Civic leaders and prominent members of the community take a look back at the last 12 months.

Insp Andy Everitt, Ryedale police:

LOOKING back over 2014, Ryedale police have again received tremendous support from the community as we continue to address those crime and quality of life issues that impact us on all, and I thank you for that.

I am constantly reminded of how lucky we are to live and work in such a wonderful place as Ryedale where the quality of its community more than matches the beauty of its natural surroundings.

I am delighted to report that acquisitive crime, such as burglary and all types of theft, are continuing to reduce across the district in some instances by up to 25 per cent compared to last year, and we will continue to target persistent offenders wherever they reside.

Violence in the night-time economy is also reducing markedly and I would like to thank all our licensees, bar and door staff who worked in a co-ordinated way to deter drunkenness and poor behaviour in our towns.

I would also like to acknowledge the work of our Pubwatch schemes in banning trouble-makers from all town centre pubs and for the work of our Street Angels who volunteer their time to assist in keeping vulnerable people safe in the night-time economy.

I am very aware that everything we achieve in delivering policing services is a team effort and we could not be where we are now without the support of other partner agencies and volunteers. Thank you for all your work that goes on often behind the scenes to improve the quality of people’s lives.

Finally, supporting vulnerable people is a key theme for Ryedale police and this is particularly poignant at this time of year where loneliness and other life challenges are often brought sharply into focus for many people.

Being a vulnerable person can come in many guises, such as depression or other issues relating to our mental health, as a victim of violence or domestic abuse in its many forms, an addiction to drugs or legal highs, or even a victim of exploitation through social media, the list goes on.

There is tremendous support out there, including ourselves, and we now have strong communication processes in place to ensure that people are referred to the right organisations to receive the support you deserve.

Don’t sit on it over Christmas, do something about it and make that call or speak to somebody be it a friend or family member.

Take care of yourself and those around you over the Christmas and New Year period and I wish everybody a happy Christmas and a healthy New Year.

Reverend Peter Robinson St Michael’s Church, Malton, and St Mary’s Priory Church, Old Malton:

HAVING been born in Helmsley and having spent my childhood in North Yorkshire, returning to God’s own county as Vicar of Malton and Old Malton has felt to be something of a homecoming.

It’s been fascinating to revisit places of childhood memories, often to discover that little has changed. Much of the beautiful local landscape remains unspoilt and the warmth and humour of Yorkshire folk lives on.

It’s a privilege to be vicar of two parishes, each of which has a beautiful church building of historical significance.

I’ve been particularly mindful, over the past year, of the number of visitors and local residents who call into our churches during the week seeking a few moments of reflection, peace and prayer.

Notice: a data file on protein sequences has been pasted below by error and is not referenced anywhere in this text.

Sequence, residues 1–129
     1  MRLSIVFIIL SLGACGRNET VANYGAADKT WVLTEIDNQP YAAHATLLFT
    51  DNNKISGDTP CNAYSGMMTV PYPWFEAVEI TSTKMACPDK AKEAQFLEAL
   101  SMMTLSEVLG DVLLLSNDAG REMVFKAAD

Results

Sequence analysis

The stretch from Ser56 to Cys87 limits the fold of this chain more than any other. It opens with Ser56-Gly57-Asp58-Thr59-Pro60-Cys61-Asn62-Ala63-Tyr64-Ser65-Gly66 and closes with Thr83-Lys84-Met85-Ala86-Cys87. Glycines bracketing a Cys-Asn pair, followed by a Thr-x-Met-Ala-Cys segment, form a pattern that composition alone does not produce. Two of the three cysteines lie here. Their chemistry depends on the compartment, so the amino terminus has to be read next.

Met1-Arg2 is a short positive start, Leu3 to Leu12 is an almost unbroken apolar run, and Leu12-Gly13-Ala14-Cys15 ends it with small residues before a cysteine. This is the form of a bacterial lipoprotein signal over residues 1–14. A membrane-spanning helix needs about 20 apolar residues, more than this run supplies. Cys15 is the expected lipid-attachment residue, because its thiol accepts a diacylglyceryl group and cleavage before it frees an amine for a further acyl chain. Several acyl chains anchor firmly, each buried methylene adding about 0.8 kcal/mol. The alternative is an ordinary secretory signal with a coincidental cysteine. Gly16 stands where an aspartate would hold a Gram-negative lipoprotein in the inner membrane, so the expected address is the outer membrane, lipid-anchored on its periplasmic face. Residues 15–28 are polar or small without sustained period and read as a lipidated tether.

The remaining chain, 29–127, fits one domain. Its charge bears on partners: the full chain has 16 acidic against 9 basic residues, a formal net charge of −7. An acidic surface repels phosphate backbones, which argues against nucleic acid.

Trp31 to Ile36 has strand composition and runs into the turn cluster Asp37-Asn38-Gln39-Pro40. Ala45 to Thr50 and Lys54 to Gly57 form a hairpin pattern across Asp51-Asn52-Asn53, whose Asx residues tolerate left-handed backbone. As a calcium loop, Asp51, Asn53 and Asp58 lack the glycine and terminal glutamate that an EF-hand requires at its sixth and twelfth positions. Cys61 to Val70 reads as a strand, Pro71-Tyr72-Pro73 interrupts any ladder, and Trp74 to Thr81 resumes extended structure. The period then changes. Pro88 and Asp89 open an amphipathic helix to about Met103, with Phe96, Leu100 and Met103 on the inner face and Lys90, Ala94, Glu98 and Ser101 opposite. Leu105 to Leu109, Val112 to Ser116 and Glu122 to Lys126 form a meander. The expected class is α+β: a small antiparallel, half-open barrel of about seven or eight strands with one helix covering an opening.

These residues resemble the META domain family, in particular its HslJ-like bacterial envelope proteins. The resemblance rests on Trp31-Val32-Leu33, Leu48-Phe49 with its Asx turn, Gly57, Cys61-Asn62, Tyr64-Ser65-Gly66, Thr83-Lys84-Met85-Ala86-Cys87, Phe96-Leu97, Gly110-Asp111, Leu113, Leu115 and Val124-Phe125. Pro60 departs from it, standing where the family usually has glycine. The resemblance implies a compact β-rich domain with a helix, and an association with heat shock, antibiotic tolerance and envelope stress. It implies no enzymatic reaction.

Special though our church buildings are, the peace experienced in knowing God is supremely special and can be tasted wherever we are. It’s a peace “which passes all understanding”.

As Christmas comes again I’m reminded that the was a message of angels was one of peace and goodwill for all people. Jesus came to enable that peace to be a reality: peace with God, peace with others and peace within ourselves. This is his gift. How our world needs to know this peace as much as in any generation. How our lives and the life of our communities are enriched by this gift.

The churches of this and every place seek to share something of God’s peace.

Wishing you a Happy, peaceful Christmas and New Year.

Anne McIntosh, MP for Thirsk and Malton:

AS WE approach Christmas, we remember the vulnerable and those less fortunate than ourselves. My thoughts go out to all those who are alone at this time of year and those that are away from family and friends, including those servicemen and women who are serving overseas.

Looking back at the past year, Britain has seen higher economic growth, lower unemployment, and falling inflation. We need to ensure that rural areas like Ryedale benefit from the increasing prosperity economic growth brings.

Christmas is an incredibly important time for local shopkeepers and I congratulate all who participated in Small Business Saturday, both in Pickering and Helmsley, providing opportunities for us all to shop locally.

In 2015, I will continue to fight for rural communities to ensure that they share in the infrastructure spending, such as improvements to the A64, faster broadband and better mobile phone coverage. I shall continue my campaigns for a rural fuel duty discount and lower diesel fuel pump prices.

I shall be visiting local hospitals before Christmas to thank those working there for all they do, remaining open throughout the festive season, and keeping us all well and healthy.

May I wish you all a very Merry Christmas and a Happy Healthy and Prosperous New Year. 2015 will be the year of the next General Election which will determine who the next Government will be.

I hope Thirsk, Malton and Filey will continue to support the long term economic plan which has delivered such positive results.